McDonalds’s responds to public pressure. How about the government?

When something negative enough comes out about a corporation, the tendency is for the business to respond to public pressure and change whatever is causing the embarrassment. With the government, that is not quite the case.

Take the case of “pink slime,” the unofficial “food” that McDonald’s had at one time used in their hamburger patties. Thankfully, for those who eat McDonald’s hamburgers (or wouldn’t and will now), the company stopped using the substance. Competition from other hamburger chains and the threat of lost market share and profits likely drove the decision.

But government faces no such pressures. So, according to this article: “The United States Department of Agriculture (USDA) is buying 7 million pounds of beef containing ammonium hydroxide-treated ground connective tissue and meat scraps and serving it up to America’s school kids.” Big shock there. No one competes with the USDA. Their word is law and no one can question it, especially non-voting school kids. We’ll see if the feds respond to public pressure and this spate of bad media by banning “pink slime” in schools (what happened to Michelle Obama’s healthy schools kick, btw?).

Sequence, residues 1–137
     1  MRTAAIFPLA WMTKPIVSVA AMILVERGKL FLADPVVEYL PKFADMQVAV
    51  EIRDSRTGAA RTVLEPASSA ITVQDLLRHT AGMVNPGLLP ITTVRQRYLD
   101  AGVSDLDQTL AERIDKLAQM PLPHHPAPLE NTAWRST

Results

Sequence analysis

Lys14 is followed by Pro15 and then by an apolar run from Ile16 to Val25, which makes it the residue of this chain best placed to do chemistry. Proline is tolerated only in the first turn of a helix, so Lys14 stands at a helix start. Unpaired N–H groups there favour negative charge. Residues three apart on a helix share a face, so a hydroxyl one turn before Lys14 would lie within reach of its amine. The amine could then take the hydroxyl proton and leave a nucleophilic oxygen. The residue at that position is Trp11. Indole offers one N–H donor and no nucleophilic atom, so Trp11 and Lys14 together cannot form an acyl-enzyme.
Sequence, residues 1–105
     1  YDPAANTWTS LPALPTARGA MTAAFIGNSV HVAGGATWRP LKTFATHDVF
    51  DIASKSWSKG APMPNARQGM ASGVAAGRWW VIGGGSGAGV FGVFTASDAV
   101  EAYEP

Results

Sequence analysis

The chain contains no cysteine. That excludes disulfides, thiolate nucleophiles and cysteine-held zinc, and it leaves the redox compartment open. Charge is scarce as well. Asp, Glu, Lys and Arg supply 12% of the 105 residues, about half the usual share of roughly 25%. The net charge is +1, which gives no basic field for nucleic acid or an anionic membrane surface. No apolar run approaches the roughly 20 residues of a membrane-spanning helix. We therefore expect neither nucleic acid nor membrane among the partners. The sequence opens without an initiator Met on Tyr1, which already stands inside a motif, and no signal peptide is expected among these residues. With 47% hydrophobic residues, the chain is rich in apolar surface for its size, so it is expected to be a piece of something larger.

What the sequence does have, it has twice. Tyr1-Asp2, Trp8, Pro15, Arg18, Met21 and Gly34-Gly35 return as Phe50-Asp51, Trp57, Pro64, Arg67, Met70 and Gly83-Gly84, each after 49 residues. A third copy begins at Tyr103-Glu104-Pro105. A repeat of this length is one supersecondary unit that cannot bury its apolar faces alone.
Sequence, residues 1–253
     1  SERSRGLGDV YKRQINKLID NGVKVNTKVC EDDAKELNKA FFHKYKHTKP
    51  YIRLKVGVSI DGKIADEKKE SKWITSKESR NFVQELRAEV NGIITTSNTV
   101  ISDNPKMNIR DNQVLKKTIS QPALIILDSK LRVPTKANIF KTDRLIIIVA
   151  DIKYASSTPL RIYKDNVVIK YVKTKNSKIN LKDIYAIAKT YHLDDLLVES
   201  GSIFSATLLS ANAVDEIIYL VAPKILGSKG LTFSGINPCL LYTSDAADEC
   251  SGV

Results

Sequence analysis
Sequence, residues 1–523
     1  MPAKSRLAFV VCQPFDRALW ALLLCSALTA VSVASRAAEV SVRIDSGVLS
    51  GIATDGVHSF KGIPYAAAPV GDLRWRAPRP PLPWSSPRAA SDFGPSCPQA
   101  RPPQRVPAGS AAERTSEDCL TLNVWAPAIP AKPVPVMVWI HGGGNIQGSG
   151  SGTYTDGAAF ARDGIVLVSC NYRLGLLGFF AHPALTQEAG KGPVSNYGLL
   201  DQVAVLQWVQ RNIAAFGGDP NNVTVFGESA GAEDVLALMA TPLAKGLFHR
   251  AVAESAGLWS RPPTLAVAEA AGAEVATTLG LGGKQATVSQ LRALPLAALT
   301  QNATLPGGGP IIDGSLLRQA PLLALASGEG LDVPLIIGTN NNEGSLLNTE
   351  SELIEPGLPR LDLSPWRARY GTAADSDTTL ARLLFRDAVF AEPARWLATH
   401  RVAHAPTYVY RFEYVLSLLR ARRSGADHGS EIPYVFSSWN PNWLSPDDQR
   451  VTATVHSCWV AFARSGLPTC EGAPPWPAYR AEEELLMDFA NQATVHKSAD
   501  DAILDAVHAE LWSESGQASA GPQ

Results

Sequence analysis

Oddly enough, the USDA which is distributing “pink slime” is also the agency in charge of inspecting meat for safety (no conflict there!). A privatized meat inspection service could and would do a much better job. If people want to eat “pink slime,” they should be allowed and if people want higher standards than the USDA sets, they should be allowed to do that as well. Just another case of “one-size-fits-all” government from Washington.